Matching Items (9)

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Baptism Certificate

Description

Manuel Corp, a Chinese settler, converted to Christianity. Manuel was originally from Macao. In his baptism, Manuel offered his loyalty to the Cuban government and the church in order to eventually receive permanent residency in Cuba, a legal requirement.

Created

Date Created
1871-09-15

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Marriage Report

Description

Relates that the civil government regulated the ability of Chinese settlers to marry. If they possessed a cedula, or identity record (meaning they were legally employed in Cuba, but had not yet become a permanent resident), they needed permission to

Relates that the civil government regulated the ability of Chinese settlers to marry. If they possessed a cedula, or identity record (meaning they were legally employed in Cuba, but had not yet become a permanent resident), they needed permission to marry anyone who was considered to be of a different race. Chinese settlers could only marry other Chinese settlers without permission

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Marriage Report

Description

Relates that the civil government regulated the ability of Chinese settlers to marry. If they possessed a cedula, or identity record (meaning they were legally employed in Cuba, but had not yet become a permanent resident), they needed permission to

Relates that the civil government regulated the ability of Chinese settlers to marry. If they possessed a cedula, or identity record (meaning they were legally employed in Cuba, but had not yet become a permanent resident), they needed permission to marry anyone who was considered to be of a different race. Chinese settlers could only marry other Chinese settlers without permission.

Created

Date Created
1864-05-27

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Marriage Report

Description

Relates that Zaldo Ferran y Dupierris solicited the civil government to create a separate book in parish churches for the marriages of Chinese settlers and blacks or people of mixed race.

Created

Date Created
1864-05-20

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Baptism Certificate

Description

Two unnamed children, born from a Cuban and Chinese settler, were baptized in the city of Havana. There was debate over whether or not the parish church should record their baptisms in the book for those of European descent or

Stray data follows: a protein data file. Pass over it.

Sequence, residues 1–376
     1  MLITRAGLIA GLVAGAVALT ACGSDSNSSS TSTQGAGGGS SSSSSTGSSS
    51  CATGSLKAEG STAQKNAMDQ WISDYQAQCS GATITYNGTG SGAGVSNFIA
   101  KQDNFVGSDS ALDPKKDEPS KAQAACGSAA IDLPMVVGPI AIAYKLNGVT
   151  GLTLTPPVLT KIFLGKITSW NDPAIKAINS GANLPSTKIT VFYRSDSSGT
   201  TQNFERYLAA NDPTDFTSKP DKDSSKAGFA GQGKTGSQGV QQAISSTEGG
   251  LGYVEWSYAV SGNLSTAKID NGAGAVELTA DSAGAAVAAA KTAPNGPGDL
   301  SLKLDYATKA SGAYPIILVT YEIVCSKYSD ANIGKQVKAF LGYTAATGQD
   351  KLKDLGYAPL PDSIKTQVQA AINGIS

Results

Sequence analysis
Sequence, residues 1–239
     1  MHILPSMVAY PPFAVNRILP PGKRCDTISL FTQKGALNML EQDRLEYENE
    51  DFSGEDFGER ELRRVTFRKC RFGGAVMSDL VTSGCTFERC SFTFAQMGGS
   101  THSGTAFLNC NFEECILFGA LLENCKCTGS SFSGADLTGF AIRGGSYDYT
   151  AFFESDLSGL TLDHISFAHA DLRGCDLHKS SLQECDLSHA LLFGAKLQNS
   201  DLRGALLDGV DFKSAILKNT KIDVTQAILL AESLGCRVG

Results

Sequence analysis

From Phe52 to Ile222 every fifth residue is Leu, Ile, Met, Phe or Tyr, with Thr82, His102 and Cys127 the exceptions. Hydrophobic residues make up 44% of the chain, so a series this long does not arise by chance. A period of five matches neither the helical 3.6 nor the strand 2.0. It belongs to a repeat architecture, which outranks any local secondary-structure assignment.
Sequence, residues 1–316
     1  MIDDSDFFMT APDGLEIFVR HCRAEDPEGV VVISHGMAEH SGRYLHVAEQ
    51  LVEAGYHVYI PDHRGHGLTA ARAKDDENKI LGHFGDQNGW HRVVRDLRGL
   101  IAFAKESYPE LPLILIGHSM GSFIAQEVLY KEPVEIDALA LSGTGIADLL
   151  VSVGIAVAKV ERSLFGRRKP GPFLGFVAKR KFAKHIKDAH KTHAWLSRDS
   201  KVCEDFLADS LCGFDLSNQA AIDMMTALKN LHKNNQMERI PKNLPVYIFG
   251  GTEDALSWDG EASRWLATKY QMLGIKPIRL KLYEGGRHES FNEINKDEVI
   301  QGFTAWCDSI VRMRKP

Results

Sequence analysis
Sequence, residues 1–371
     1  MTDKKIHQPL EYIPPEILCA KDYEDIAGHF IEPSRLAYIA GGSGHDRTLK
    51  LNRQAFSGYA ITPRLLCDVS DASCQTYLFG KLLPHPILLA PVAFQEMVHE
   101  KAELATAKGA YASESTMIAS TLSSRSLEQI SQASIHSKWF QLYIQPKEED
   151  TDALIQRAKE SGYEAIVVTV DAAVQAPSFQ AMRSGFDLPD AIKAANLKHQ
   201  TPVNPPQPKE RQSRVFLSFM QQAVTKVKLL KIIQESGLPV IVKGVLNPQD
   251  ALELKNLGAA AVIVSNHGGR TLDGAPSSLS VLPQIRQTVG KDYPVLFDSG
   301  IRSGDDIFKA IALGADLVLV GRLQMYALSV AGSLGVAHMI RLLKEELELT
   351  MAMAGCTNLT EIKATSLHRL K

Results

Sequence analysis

Two unnamed children, born from a Cuban and Chinese settler, were baptized in the city of Havana. There was debate over whether or not the parish church should record their baptisms in the book for those of European descent or in the book for minorities. Churches would use different books for Europeans, whites, and minorities.

Created

Date Created
1864-04-29

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Marriage Report

Description

Relates that Leonardo Sanchez, a permanent resident of Cuba and a baptized Catholic, married Marcelina Diaz. She was born in Matanzas and they had two daughters, who were both baptized and registered in the book for those of European descent

Relates that Leonardo Sanchez, a permanent resident of Cuba and a baptized Catholic, married Marcelina Diaz. She was born in Matanzas and they had two daughters, who were both baptized and registered in the book for those of European descent in their parish church. Report concerns whether or not their children, who were of "mixed race," could be considered white, determined by which book their baptisms are recorded in. Churches would use different books for Europeans, whites, and minorities.

Created

Date Created
1864-04-28

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Permanent Residency

Description

Relates that Juan de Jaruco, a Chinese settler, was granted permanent residency in Cuba after fulfilling the legal requirements.

Created

Date Created
1865-02-27

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Death Record

Description

Death certificate of Primitivo, a Chinese settler, born in Macao. The cause of death is not listed.

Created

Date Created
1861

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Baptism Certificate

Description

An unnamed Chinese settler converted to Christianity in the city of Matanzas. They were originally from Canton. In their baptism, they offered their loyalty to the Cuban government and the church in order to eventually receive permanent residency in Cuba,

An unnamed Chinese settler converted to Christianity in the city of Matanzas. They were originally from Canton. In their baptism, they offered their loyalty to the Cuban government and the church in order to eventually receive permanent residency in Cuba, a legal requirement. Candido Santa Olalla oversaw the baptism of this settler in the parish church of San Carlos in Matanzas.

Created

Date Created
1874